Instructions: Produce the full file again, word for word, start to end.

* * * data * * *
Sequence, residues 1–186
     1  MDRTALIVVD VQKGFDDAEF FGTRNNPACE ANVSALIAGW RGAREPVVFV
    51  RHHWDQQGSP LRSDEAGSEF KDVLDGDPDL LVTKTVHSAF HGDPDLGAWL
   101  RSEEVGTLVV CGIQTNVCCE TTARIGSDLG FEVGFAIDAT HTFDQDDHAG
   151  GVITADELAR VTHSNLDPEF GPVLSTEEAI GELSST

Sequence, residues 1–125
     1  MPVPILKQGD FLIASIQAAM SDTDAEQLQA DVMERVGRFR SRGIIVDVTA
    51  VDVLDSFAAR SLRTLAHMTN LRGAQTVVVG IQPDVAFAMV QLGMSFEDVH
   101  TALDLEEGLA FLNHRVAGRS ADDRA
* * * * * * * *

Sequence, residues 1–186
     1  MDRTALIVVD VQKGFDDAEF FGTRNNPACE ANVSALIAGW RGAREPVVFV
    51  RHHWDQQGSP LRSDEAGSEF KDVLDGDPDL LVTKTVHSAF HGDPDLGAWL
   101  RSEEVGTLVV CGIQTNVCCE TTARIGSDLG FEVGFAIDAT HTFDQDDHAG
   151  GVITADELAR VTHSNLDPEF GPVLSTEEAI GELSST

Sequence, residues 1–125
     1  MPVPILKQGD FLIASIQAAM SDTDAEQLQA DVMERVGRFR SRGIIVDVTA
    51  VDVLDSFAAR SLRTLAHMTN LRGAQTVVVG IQPDVAFAMV QLGMSFEDVH
   101  TALDLEEGLA FLNHRVAGRS ADDRA